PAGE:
Abel raised concerns with Allina throughout her practicum experience. Informally, she spoke with Dr. Kimberly Finch, who was the intern supervisor at Abbott. Dr. Finch shared Abel's concerns with her colleagues at the clinic. Abel also spoke informally with Dr. LaRusso, who, like Dr. Finch, agreed to share the information.

On a number of occasions, Abel met with Dr. Michael Schmitz, a clinical director at Abbott. Initially, Dr. Schmitz told Abel that she should bring her concerns to Dr. Gottlieb, but he later agreed to meet with her privately. During one private meeting, Dr. Schmitz instructed Abel to be "emotionally tough" and implied that Abel would have to tolerate Dr. Gottlieb's misconduct. An Abbott human resources representative joined several of Abel's meetings with Dr. Schmitz, and it was typical in these meetings for Abel to be asked yes or no questions, but she was otherwise prevented from sharing the details of her experiences and concerns. In one meeting, Dr. Schmitz and the HR representative acknowledged that they knew Dr. Gottlieb was violating the no-contact order, but asserted that it was probably unintentional. After Abel filed a formal complaint with the Board of Psychology, Dr. Schmitz requested a follow-up meeting where he and the HR representative focused primarily on keeping news of the complaint suppressed.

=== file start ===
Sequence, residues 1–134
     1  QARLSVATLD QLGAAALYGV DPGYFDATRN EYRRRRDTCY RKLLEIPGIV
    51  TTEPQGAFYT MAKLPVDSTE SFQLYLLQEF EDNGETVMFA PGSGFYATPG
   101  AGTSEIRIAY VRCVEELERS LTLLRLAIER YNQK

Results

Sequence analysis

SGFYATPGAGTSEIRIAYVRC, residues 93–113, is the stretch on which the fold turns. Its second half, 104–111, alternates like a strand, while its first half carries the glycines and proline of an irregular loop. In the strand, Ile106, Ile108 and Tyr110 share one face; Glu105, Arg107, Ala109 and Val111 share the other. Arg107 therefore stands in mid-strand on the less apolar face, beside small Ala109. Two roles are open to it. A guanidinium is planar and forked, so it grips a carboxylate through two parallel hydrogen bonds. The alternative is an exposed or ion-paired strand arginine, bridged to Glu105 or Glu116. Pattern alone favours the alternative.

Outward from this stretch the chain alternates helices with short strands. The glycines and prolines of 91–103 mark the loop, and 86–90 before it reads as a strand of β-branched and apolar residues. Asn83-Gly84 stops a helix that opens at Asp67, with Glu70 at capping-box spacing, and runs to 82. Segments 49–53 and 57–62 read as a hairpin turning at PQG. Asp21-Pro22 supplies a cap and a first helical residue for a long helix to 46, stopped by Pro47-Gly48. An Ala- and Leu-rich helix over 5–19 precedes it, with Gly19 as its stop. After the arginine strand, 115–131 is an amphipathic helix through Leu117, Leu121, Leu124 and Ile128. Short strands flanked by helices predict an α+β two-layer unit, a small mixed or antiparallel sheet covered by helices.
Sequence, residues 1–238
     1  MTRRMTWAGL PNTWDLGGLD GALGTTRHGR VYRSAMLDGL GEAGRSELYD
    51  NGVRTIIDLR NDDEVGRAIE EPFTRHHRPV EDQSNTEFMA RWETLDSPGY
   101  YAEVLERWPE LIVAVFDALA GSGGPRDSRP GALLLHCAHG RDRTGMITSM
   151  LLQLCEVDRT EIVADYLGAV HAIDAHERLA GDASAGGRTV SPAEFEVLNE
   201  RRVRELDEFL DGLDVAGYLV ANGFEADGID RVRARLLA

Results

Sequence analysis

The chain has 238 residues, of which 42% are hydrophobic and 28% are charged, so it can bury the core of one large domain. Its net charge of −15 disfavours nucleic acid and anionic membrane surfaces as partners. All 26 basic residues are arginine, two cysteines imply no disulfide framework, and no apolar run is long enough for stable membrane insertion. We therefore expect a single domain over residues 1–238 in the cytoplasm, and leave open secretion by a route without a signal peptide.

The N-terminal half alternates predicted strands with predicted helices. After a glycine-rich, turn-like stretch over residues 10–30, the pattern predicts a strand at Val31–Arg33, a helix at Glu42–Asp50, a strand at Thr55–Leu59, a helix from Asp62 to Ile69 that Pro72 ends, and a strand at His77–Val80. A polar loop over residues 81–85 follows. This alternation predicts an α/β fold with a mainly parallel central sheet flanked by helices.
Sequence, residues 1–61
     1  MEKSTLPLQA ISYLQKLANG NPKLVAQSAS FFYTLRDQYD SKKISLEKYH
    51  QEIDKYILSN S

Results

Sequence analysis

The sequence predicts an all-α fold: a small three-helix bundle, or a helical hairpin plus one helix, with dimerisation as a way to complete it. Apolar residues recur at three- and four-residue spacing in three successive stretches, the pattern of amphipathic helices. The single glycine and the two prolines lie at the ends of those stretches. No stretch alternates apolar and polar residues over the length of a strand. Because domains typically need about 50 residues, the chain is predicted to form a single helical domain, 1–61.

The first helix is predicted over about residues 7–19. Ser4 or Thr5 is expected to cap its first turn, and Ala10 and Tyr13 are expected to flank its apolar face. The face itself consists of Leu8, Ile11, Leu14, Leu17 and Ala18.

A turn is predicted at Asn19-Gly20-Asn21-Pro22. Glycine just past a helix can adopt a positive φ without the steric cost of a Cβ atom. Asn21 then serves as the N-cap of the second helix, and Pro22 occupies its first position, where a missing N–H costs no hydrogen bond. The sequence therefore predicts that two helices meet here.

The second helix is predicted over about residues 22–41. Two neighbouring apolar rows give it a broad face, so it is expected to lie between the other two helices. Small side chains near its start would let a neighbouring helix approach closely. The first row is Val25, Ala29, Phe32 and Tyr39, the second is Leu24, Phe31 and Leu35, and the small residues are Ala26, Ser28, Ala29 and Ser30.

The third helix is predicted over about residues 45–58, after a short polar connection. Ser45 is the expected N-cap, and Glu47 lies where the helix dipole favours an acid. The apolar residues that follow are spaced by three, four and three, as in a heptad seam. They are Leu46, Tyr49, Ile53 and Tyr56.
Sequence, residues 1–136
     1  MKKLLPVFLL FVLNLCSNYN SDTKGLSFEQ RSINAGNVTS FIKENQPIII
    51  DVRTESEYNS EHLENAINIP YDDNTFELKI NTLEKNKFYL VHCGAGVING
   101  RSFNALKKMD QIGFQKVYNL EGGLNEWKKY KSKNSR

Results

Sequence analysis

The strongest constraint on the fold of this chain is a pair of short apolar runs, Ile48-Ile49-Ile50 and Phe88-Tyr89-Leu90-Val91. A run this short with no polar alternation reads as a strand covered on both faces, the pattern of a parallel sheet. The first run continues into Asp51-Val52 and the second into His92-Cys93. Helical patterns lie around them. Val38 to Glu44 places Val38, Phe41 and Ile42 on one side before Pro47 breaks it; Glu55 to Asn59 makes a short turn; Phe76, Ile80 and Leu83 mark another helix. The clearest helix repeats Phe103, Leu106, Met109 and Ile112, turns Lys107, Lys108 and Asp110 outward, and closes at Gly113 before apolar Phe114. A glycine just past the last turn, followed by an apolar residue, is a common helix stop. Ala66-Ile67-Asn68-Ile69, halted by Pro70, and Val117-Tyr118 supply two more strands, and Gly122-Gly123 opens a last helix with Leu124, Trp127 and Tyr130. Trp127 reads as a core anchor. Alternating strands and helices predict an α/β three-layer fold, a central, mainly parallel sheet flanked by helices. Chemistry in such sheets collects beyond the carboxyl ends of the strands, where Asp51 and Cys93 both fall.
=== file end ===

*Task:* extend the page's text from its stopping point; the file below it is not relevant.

Abel had similar conversations with St. Mary's. After her initial interview with Dr. Gottlieb, Abel voiced concerns to the program advisor who had recommended she apply for Dr. Gottlieb's program. Her advisor counseled her to go along with Dr. Gottlieb's requests, dismissing his misconduct as "normal" and saying that he is "just funny." During the first month of the practicum, Abel raised concerns with Dr. Phyllis Solon, another St. Mary's faculty member. Dr. Solon acknowledged that Dr. Gottlieb was culturally incompetent and admitted that she had advised St. Mary's to discontinue sending students to work with him. Abel discovered that other students had experienced similar race- and sex-based discrimination during their own training under Dr. Gottlieb and that St. Mary's had merely counseled them on how to "get through" it.